- In March, a member of the former regular armed forces, detained in an FRCI camp in Abidjan, was undressed, handcuffed to an iron bar, beaten and had molten plastic poured on his body.
- In August, police staff sergeant Serge Hervé Kribié died on the day he was arrested while being subjected to electric shocks in the FRCI command post in San Pedro. His fate remained unknown to his family for three weeks.
Refugees and internally displaced people
In June, an estimated 13,000 people were displaced after violent incidents in villages situated between Taï and Nigré along the border with Liberia. By the end of the year, some 160,000 Ivorians remained displaced, including an estimated 80,000 internally displaced people and nearly 60,000 refugees in Liberia. Armed attacks against civilians and military personnel provoked protection concerns as well as continued inter-communal mistrust and fresh displacements, mainly in the west of the country.
Human rights violations and abuses in the west
Insecurity remained persistent in the west of the country. Members of ethnic groups, including Guérés, who were perceived to have been supporters of Laurent Gbagbo, were targeted by FRCI and Dozos and were victims of extrajudicial killings, beatings, torture, unlawful arrests and enforced disappearances.
In July, members of the Dioula community, with the active involvement of Dozo fighters and FRCI soldiers, attacked a UNOCI-guarded displaced persons’ camp at Nahibly, outside Duékoué, which was home to approximately 4,500 people. The attack was reportedly launched in retaliation for alleged crimes by camp-dwellers, including the killing of four people in Duékoué. At least 13 displaced people were killed. Many were severely injured, including being tortured with drops of molten plastic and beaten. Dozens were arbitrarily arrested, many of whom remained disappeared.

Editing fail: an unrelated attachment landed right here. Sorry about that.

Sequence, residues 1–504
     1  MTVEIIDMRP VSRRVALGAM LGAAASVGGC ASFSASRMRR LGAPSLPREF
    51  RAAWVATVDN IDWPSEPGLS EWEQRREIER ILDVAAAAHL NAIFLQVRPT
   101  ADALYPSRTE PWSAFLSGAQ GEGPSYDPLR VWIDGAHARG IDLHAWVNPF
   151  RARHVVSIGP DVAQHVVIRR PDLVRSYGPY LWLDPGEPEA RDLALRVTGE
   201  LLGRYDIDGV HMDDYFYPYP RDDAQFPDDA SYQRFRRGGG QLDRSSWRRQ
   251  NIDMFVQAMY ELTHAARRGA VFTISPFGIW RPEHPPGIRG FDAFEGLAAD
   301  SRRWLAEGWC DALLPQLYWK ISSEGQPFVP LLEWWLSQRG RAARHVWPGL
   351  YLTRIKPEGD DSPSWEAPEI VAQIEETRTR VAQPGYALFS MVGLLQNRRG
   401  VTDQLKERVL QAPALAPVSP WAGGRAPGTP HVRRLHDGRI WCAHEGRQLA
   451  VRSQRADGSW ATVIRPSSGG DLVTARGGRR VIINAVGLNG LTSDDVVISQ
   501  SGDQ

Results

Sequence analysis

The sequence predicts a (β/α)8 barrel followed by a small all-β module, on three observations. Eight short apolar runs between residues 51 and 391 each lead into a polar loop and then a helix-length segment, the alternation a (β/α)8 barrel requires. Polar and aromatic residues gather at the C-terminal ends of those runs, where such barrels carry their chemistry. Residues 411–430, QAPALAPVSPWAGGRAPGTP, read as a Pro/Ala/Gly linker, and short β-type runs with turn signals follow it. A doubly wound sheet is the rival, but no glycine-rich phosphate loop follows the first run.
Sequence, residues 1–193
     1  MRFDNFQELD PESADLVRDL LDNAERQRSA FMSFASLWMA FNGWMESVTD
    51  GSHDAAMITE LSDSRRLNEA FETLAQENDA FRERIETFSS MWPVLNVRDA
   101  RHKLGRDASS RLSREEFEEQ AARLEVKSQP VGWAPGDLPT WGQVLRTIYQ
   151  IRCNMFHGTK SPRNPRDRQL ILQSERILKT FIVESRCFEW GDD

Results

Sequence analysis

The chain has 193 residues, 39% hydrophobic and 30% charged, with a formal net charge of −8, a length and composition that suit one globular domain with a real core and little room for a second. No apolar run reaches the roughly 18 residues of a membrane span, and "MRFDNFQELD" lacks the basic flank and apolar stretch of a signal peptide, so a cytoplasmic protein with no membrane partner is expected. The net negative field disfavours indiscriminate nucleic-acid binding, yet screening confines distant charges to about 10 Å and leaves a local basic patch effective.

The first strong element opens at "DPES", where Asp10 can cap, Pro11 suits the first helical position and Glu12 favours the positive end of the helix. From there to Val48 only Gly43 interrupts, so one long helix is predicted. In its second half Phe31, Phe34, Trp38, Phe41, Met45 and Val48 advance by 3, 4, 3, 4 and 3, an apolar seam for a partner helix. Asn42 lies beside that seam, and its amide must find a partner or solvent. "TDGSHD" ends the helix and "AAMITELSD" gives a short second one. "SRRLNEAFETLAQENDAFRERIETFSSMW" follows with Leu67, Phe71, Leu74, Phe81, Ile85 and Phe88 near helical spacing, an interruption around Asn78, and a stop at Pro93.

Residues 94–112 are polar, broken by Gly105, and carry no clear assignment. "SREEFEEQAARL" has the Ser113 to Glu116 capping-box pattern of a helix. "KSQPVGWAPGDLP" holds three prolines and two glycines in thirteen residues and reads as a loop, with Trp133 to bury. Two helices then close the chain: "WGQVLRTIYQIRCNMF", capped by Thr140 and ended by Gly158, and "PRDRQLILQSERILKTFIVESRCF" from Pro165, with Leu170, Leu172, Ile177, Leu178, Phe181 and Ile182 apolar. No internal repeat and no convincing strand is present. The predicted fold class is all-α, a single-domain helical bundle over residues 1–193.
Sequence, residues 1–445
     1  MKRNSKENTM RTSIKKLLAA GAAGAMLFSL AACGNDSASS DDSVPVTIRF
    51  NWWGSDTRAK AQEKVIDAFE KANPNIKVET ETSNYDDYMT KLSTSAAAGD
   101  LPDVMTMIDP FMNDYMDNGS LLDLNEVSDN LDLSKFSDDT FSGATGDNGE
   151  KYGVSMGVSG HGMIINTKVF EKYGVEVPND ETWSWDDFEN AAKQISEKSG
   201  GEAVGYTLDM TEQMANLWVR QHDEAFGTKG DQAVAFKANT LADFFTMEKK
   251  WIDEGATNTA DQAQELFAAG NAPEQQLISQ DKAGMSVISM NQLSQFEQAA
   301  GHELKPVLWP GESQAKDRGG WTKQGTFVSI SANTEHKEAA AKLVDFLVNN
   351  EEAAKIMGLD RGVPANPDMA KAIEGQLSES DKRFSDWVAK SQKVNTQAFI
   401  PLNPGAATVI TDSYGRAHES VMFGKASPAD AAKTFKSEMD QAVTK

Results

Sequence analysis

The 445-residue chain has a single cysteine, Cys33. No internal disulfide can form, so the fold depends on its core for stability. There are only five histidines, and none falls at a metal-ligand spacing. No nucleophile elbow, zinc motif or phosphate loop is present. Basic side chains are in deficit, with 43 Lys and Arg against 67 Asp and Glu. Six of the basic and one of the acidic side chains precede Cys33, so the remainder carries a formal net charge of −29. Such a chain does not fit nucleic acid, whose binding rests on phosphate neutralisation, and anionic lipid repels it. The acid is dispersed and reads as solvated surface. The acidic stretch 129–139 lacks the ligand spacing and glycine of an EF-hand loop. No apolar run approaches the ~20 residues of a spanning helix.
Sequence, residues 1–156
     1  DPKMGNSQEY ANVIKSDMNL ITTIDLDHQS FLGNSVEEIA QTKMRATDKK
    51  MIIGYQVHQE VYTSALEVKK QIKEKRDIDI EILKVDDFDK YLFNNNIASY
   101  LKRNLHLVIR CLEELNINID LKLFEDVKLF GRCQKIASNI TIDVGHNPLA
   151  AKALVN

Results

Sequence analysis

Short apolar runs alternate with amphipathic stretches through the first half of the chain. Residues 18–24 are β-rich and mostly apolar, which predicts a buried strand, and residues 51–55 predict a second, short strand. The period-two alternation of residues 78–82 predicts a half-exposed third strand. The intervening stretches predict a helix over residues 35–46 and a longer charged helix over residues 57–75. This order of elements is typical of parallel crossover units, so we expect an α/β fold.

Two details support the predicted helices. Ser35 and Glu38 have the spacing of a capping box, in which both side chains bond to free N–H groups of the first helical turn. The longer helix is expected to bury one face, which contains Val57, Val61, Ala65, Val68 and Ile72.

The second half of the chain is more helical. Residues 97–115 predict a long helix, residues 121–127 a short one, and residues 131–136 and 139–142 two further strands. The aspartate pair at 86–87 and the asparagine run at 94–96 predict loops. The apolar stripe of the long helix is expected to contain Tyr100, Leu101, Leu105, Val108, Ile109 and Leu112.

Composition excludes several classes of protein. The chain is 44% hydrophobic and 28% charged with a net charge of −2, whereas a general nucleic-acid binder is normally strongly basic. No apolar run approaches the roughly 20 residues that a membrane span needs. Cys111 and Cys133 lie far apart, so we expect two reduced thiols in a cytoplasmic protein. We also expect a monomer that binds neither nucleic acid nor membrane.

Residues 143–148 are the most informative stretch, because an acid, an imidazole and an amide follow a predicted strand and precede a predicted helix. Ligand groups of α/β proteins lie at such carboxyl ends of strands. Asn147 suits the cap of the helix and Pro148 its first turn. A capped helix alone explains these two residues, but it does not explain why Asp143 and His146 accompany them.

In October a mass grave was discovered in Duékoué containing bodies thought to be those of people who disappeared after the camp was attacked. An investigation was opened but had made little progress by the end of the year.
Freedom of expression
There were numerous violations of the right to freedom of expression.
- In September, the National Press Council suspended for six days all the daily newspapers close to the opposition party FPI, stating that photographs and captions relating to former President Gbagbo and former ministers prolonged the post-election crisis.
Eighteen months after the post-election crisis, only people associated with former President Gbagbo’s government had been arrested. No members of the former Forces Nouvelles, nor any military officials or civilians responsible for serious human rights abuses supporting President Ouattara, had been brought to account.
Delays and shortcomings to the legal proceedings against relatives and aides of former President Gbagbo raised concerns that they may be held for a lengthy period without trial, or that they will be subject to trials which fail to meet international standards of fairness.
Between May and July, eight people were charged with genocide, including Simone Gbagbo, wife of former President Gbagbo.
On 20 December, the provisional release was announced of nine close aides of former President Gbagbo, mainly detained in the north of the country.
In February, the Pre-Trial Chamber of the International Criminal Court (ICC) authorized the Prosecutor to investigate other relevant crimes committed between September 2002 and 2010.
While both sides were accused of international crimes, the ICC investigations focused on alleged crimes committed by the administration of former President Gbagbo.
Investigations into former President Gbagbo, transferred to the ICC in November 2011, barely progressed. In November, the ICC issued an arrest warrant for the former first lady, Simone Gbagbo, for alleged crimes against humanity, including murder, rape, other forms of sexual violence, other inhumane acts, and persecution committed during the post-election crisis.